Teens Teased Into Plastic Surgery, Bullies Win Again

teen nose job plastic surgeryThis story about teens opting for plastic surgery to avoid being ridiculed by bullies about their looks is quite unsettling. In the news coverage, Elisabeth Hasselbeck talks to a couple of teenage girls who, because they were bullied over their appearance -- one for her pronounced nose, the other for her small chest -- decided to get plastic surgery. And, in one case, the parent consented to the surgery.

Why don't we just give bullies a golden throne and key to our children's souls while we're at it? And why don't we just tell our completely beautiful and healthy children, yes, indeed, something is truly wrong with you.


Around 90,000 teens underwent cosmetic surgery in 2007 for one reason or another. The most common procedures were nose jobs, breast reductions, breast augmentations, ear tucks, and, possibly most unbelievable, Botox. This is mind boggling to me, and the idea that doctors let alone parents would co-sign for a radical, unnecessary surgery is sending the wrong message.

Don't get me wrong. These stories about teens suffering from being teased and, in turn, experiencing incredibly low self esteem and feeling ugly and unworthy are completely heartbreaking. The girl shown above -- who was as beautiful before the surgery as she is after -- actually tried to break her own nose one night by slamming her face into a wall. At that point, her mother felt the only way to give her daughter a chance to feel confident again was to allow her to have plastic surgery.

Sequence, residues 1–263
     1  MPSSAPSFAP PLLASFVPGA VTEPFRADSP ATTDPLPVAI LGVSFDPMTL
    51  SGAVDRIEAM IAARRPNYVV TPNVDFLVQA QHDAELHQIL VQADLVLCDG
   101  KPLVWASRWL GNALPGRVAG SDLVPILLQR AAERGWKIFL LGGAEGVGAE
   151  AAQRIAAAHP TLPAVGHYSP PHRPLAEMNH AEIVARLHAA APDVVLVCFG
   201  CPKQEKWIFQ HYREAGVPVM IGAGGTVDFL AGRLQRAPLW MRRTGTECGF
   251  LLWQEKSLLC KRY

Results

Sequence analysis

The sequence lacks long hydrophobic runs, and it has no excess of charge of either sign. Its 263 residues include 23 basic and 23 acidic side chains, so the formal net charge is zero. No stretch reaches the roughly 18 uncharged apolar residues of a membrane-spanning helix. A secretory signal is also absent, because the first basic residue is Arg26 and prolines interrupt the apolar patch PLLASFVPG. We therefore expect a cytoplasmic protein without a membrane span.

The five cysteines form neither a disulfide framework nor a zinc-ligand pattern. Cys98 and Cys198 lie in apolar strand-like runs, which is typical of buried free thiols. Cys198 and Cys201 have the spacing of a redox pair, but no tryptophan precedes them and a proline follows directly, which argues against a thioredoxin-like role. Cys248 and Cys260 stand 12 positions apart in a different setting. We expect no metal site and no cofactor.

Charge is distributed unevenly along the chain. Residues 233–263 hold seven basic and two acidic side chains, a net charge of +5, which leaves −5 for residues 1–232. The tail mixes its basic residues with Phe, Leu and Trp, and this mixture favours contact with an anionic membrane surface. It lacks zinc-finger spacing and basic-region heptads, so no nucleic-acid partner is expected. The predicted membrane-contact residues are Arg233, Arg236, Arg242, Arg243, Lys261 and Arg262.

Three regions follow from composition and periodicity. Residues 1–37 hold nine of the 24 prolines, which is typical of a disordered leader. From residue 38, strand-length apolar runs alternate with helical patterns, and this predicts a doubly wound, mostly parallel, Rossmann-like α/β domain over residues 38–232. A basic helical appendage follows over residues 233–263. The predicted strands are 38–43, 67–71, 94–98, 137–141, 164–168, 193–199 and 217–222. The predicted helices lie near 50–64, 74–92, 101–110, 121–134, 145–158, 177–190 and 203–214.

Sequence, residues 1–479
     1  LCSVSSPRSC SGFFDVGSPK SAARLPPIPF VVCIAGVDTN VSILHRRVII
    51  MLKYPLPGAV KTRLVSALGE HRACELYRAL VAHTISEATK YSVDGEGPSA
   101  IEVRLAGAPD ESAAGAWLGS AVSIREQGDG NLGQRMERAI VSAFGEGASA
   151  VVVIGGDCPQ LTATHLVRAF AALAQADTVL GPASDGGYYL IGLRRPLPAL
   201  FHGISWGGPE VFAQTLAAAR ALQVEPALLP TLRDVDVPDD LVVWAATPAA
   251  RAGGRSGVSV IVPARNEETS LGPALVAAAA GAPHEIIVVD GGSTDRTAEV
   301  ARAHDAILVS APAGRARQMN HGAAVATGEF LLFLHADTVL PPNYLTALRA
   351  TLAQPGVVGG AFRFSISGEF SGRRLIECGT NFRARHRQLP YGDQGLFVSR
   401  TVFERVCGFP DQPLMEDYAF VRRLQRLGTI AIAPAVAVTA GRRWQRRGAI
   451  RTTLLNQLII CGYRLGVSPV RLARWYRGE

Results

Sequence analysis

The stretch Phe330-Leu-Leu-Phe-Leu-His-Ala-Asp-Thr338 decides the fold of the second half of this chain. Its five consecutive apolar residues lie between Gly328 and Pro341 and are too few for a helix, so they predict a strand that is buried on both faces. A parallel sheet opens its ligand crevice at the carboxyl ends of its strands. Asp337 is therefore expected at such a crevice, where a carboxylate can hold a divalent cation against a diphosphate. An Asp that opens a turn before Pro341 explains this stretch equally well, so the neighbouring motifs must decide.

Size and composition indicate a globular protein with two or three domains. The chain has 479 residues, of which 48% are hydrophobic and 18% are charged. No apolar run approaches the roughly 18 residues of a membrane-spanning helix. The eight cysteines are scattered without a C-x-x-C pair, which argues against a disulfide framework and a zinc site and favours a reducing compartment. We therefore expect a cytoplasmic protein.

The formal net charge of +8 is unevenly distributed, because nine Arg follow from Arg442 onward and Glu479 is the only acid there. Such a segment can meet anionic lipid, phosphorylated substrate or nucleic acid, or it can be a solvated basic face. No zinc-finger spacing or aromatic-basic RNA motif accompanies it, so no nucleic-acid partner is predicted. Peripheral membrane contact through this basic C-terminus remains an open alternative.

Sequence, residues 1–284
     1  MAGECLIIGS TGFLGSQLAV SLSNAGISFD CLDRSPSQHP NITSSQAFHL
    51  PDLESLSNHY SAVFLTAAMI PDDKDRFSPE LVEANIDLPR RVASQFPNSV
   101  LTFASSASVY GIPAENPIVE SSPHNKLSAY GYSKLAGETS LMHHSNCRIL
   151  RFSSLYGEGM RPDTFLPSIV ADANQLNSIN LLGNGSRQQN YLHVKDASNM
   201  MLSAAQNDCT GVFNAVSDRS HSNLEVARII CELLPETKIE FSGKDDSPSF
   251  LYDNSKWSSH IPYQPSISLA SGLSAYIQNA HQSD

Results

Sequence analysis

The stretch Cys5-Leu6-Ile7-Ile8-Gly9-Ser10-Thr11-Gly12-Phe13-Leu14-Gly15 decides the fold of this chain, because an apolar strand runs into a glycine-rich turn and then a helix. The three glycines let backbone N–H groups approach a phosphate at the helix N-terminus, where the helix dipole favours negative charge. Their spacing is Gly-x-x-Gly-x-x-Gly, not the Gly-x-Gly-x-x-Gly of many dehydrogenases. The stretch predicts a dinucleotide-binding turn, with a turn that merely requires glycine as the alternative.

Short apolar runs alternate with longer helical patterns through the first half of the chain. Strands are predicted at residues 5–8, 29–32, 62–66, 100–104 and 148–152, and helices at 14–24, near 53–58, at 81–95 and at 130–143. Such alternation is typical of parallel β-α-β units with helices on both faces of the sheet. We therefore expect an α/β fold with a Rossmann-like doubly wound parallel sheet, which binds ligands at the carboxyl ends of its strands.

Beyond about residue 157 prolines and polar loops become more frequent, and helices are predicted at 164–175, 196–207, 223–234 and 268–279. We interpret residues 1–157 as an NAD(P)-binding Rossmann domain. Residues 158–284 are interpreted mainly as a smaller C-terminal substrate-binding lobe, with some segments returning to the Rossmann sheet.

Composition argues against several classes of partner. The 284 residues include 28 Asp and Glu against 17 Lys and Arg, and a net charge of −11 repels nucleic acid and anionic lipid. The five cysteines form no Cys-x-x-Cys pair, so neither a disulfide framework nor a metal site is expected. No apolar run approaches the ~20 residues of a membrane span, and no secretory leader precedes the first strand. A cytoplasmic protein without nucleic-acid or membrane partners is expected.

Here's the news story:

But let's really think about this ... How can we, as parents, believe that plastic surgery is a "solution" to bullying or a "solution" to our kids' feelings of inadequacy? Talk about giving bullies the upper hand and blaming the victim! This, in no way, attempts to deal with the emotional matters behind a bully's behavior, nor does it teach the teen who hates herself the important life lesson of resilience.

We are still so ill equipped in this country at dealing with teen problems on an emotional level -- take what happened in Arizona last weekend as an extreme example. We just don't know how to do it. We look for a quick fix solution. Sure, these girls are being allowed to "fix" their exteriors; however, how will they deal with the next "problem" that gets pointed out to them? How far can it go? How will they learn to stand up? To love themselves for who they are? To see that perfection and pleasing everyone is impossible? How will they ever be able to stop and realize that changing your appearance to please others will never help you truly feel good about yourself?

And, as for the bullies, left unaddressed, they'll just move on to their next victim, leave more anguish in their path, and never come to realize they do what they do because they, too, are hiding something they can't bear for others to see.

What do you think? Does allowing teens to get plastic surgery send the wrong message to our teenagers? And to bullies?


Image via ABCNews

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